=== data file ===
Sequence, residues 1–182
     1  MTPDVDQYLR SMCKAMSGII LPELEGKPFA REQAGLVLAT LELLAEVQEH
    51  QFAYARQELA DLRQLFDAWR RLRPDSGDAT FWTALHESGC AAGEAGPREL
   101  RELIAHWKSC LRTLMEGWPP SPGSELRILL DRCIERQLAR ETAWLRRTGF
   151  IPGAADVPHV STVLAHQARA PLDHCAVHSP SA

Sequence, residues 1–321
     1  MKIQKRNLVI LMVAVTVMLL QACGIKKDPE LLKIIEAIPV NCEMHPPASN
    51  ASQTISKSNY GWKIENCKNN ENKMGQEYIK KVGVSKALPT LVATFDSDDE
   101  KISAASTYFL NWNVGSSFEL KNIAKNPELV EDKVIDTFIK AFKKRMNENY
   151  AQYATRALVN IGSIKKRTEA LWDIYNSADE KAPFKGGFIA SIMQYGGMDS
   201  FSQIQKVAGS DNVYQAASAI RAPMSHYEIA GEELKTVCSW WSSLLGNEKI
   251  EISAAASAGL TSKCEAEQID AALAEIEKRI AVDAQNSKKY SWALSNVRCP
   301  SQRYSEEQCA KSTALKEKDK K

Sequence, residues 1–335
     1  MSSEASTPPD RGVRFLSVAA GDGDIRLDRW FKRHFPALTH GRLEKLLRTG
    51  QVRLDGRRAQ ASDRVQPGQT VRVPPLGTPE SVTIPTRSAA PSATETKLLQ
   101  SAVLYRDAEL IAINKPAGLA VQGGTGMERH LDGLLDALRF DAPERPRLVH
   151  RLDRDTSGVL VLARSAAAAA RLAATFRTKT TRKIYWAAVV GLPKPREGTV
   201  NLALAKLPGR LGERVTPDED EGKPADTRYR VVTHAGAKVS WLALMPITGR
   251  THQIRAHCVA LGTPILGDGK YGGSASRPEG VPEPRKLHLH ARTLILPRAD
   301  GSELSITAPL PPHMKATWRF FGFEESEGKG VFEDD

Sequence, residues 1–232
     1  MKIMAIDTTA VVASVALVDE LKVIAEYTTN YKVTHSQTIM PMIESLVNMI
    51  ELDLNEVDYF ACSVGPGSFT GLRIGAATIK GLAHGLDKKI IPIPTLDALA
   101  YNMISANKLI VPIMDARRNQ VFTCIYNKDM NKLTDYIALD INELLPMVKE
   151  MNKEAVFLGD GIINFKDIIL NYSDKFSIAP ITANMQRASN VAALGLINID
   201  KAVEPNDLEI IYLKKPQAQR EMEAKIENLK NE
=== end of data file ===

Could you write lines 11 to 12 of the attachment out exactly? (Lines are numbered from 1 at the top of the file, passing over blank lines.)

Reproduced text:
   201  FSQIQKVAGS DNVYQAASAI RAPMSHYEIA GEELKTVCSW WSSLLGNEKI
   251  EISAAASAGL TSKCEAEQID AALAEIEKRI AVDAQNSKKY SWALSNVRCP